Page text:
AAERO Memorial Awards celebrate the lives of loved ones by giving financial contributions to the education of African American students. We have created a number of Memorial Awards to let others know about the experiences, admirable characteristics and accomplishments of these treasures of our community who have passed. Read about some of the men and women we honor with these awards.
Consider creating Memorial Awards for people you treasure. Contact AAERO if you would like to create, contribute to, or apply for an award.
Beulah Violet Tillman was born August 2, 1894 in Randolph County, North Carolina–the only child of Willis and Lillian Tillman. At the age of 11, Beulah went to Greensboro to attend school at what later became Bennett College. (In an interview, she talked of being mentored by the college students.) Eventually, she graduated from Bennett College and received a teaching certificate. Beulah Tillman was hired (unseen) to teach in a school for Negro and Indian children in Cumberland County North Carolina. She described her assertive integration of this school, in which Negro and Indian students had previously been seated on different sides of the same classroom. On June 2, 1918, Beulah Tillman married Warren Coleman Melchor of Fayetteville, North Carolina. The Melchors had two daughters–Grace and Beulah–who would later follow their mother’s path to Bennett College. Her retirement, in 1959, after more than 30 years teaching, gave Mrs. Melchor more time to enjoy gardening, fishing, and playing cards. She was an active member of the Greenlawn Garden Club. Much of Mrs. Melchor’s time was spent as a Red Cross volunteer at the Veteran’s Hospital in Fayetteville. A lifelong member of St. Joseph’s Episcopal Church, she was active in many roles. When asked of what accomplishment she was most proud, Mrs. Melchor replied, “educating my two daughters.” She and her husband (who was a medical doctor) made education a priority, sacrificing to send both girls to Palmer Memorial Institute for secondary school and to Bennett College. this is a photo of “Granny” with Billy, one of her three grandchildren.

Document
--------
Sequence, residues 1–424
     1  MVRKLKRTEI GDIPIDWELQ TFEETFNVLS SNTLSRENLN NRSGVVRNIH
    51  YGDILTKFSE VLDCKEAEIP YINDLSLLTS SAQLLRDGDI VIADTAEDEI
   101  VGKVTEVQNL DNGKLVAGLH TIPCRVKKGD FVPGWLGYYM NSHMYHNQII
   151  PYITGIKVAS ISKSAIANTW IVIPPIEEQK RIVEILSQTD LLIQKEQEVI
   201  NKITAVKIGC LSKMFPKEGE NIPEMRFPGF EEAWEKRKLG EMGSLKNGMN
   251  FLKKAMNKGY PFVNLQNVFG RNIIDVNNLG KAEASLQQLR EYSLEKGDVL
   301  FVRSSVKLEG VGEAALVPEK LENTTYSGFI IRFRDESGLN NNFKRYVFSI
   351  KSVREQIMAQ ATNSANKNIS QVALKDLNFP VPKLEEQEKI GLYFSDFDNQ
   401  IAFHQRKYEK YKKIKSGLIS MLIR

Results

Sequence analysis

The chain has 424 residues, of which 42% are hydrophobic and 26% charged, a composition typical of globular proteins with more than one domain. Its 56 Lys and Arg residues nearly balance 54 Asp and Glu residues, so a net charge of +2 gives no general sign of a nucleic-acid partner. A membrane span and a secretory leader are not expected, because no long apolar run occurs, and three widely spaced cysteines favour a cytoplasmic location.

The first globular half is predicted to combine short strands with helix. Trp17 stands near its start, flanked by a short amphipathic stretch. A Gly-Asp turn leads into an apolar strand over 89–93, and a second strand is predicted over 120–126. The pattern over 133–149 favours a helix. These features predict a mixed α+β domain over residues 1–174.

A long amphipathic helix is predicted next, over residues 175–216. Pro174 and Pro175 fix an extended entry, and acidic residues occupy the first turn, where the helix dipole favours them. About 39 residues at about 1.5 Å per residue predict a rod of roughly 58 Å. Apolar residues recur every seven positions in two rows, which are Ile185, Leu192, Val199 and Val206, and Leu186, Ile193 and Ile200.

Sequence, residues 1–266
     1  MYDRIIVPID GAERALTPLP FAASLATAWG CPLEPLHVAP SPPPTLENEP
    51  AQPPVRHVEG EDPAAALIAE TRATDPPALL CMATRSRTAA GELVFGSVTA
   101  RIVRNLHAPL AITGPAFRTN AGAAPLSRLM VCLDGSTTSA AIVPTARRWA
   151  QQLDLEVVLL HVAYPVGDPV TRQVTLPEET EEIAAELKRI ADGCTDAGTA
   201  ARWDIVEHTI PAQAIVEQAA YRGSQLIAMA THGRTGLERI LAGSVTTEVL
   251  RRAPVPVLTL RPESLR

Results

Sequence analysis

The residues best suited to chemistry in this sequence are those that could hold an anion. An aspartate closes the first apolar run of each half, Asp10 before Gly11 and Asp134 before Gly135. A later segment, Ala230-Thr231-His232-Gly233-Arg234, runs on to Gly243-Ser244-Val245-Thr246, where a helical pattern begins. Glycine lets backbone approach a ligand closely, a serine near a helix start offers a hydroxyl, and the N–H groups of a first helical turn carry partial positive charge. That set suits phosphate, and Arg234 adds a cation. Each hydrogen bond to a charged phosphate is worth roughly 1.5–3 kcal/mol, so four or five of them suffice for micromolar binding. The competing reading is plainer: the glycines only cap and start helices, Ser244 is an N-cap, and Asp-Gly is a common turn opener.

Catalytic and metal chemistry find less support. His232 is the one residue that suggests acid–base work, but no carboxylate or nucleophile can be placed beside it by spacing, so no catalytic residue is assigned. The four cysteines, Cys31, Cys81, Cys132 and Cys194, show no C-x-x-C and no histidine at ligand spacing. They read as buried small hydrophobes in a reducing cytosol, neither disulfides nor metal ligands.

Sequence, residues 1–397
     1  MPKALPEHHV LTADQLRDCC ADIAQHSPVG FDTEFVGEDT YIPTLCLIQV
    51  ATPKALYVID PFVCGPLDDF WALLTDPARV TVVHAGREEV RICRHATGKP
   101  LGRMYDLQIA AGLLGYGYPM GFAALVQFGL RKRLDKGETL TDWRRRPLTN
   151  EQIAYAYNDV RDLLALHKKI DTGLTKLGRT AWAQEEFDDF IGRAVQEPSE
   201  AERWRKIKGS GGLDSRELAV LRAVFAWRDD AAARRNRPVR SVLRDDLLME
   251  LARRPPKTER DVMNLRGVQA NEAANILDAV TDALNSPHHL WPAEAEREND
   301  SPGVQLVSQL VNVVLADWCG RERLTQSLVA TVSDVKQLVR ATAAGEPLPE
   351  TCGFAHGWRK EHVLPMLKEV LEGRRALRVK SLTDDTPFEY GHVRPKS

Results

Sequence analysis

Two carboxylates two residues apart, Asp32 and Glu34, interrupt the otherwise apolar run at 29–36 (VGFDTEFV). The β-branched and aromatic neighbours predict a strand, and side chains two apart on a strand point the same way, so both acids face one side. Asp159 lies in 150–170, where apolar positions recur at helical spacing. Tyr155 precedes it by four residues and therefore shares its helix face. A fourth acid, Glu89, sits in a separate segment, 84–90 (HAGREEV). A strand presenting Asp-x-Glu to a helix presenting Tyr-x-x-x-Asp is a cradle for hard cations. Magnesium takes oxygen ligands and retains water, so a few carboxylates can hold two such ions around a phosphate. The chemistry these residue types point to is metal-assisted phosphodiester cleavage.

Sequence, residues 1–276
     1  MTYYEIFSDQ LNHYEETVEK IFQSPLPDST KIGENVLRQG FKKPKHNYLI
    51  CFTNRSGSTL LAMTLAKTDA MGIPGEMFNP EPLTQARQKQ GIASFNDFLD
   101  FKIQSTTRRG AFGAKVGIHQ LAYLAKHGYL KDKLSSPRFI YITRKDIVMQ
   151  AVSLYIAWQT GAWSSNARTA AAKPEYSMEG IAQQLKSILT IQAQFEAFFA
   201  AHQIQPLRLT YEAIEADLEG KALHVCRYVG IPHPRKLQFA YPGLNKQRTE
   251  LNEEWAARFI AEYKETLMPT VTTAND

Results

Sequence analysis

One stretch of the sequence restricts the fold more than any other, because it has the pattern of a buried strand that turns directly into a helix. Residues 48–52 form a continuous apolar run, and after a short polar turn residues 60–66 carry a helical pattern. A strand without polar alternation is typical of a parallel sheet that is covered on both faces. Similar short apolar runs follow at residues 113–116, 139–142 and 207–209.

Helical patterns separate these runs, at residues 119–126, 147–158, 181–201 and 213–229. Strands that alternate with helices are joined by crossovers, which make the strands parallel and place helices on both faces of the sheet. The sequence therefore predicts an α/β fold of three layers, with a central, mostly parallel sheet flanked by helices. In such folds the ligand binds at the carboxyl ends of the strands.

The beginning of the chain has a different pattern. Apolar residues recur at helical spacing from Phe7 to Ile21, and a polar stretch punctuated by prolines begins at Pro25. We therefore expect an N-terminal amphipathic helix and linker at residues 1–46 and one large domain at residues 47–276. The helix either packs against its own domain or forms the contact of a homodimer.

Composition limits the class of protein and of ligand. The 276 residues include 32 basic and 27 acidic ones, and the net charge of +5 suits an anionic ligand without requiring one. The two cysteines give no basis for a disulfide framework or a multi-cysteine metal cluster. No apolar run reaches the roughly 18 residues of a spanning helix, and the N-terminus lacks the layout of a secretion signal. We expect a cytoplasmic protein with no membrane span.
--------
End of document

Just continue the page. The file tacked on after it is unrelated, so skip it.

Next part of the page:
Edna Bertha Covington was born on September 18, 1894 in Rockingham, Richmond County, North Carolina–the only child of Addison and Martha Covington. She spent her childhood in Hamlet, North Carolina, where she lived with her grandparents, Reverend and Mrs. G. B. Mason. Edna
Covington attended the public schools of Hamlet and graduated from Bennett College in Greensboro, North Carolina.Edna Covington was first married to James Clifton Quick of Bennettsville, South Carolina. The Quicks had one son, Clifton Mason Quick. Several years after the death of James Clifton Quick, Edna Covington Quick married Robert L. Taylor of Pinehurst in Moore
County. Mrs. Taylor taught in the schools of North Carolina for 42 years. At her retirement she was a teacher at the Academy Heights School in the Taylortown community of Pinehurst. After retirement, Edna B. Taylor, became an Attendance Officer for Moore County schools. She was a member of the Board of Correctional Institutions of North Carolina, held offices several times in the North Carolina Baptist Convention, and was a state organizer for the Federated Women’s Clubs of North Carolina.
This photo is from “Negro Business and Professional Men and Women: A Survey of Negro Progress in Varied Sections of North Carolina,” published in 1946 by R. Irving Boone. Activities listed include, Nurse’s Aide, Moore County Hospital; Social Case Worker; Member, Moore County T.B. Board; Member, Executive Board, State Women’s Federated Clubs; State Organizer, Women’s Federated Clubs; and Member, Board of Missions, General Baptist State Convention of N.C.
Edna Taylor maintained her home in Taylortown while living for several years with her daughter, Dorothea Taylor Moore and her family–Lt. Col. Spurgeon Moore and their four children on the military base in Germany. She made friends and became active in the local community, as she had in North Carolina. This is “Mamma Taylor” with Kermit, one of 5 grandchildren.